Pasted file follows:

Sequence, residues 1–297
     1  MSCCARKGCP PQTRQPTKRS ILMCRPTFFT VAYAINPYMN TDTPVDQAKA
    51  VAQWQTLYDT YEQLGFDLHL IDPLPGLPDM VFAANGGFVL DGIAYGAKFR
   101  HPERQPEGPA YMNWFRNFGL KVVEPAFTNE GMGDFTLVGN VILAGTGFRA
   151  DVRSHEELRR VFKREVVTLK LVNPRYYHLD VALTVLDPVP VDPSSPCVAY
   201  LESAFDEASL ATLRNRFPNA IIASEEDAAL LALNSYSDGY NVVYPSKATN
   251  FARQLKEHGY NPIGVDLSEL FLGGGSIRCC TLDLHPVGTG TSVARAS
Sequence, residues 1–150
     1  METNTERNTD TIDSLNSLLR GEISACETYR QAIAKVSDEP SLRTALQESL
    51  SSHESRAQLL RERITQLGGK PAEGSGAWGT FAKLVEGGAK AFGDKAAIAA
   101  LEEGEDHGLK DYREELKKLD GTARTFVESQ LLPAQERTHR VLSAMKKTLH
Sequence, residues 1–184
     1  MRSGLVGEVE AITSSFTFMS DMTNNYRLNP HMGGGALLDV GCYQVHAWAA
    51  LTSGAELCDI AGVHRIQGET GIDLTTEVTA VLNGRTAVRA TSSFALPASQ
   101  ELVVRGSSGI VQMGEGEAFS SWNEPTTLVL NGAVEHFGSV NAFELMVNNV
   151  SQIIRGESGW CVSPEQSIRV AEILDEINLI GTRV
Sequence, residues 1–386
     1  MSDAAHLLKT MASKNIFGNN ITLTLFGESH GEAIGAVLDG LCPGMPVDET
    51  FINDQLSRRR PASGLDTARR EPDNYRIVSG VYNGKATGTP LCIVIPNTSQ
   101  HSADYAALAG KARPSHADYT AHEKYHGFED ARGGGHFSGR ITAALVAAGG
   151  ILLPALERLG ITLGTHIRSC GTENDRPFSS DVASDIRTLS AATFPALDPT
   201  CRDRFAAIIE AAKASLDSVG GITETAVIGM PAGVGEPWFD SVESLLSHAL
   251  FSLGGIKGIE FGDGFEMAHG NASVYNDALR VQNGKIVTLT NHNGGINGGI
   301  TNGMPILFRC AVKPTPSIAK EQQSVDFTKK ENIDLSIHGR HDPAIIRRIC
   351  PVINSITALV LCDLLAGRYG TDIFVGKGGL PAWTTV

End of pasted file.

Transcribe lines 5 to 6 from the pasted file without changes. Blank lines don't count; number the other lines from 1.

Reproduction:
   151  DVRSHEELRR VFKREVVTLK LVNPRYYHLD VALTVLDPVP VDPSSPCVAY
   201  LESAFDEASL ATLRNRFPNA IIASEEDAAL LALNSYSDGY NVVYPSKATN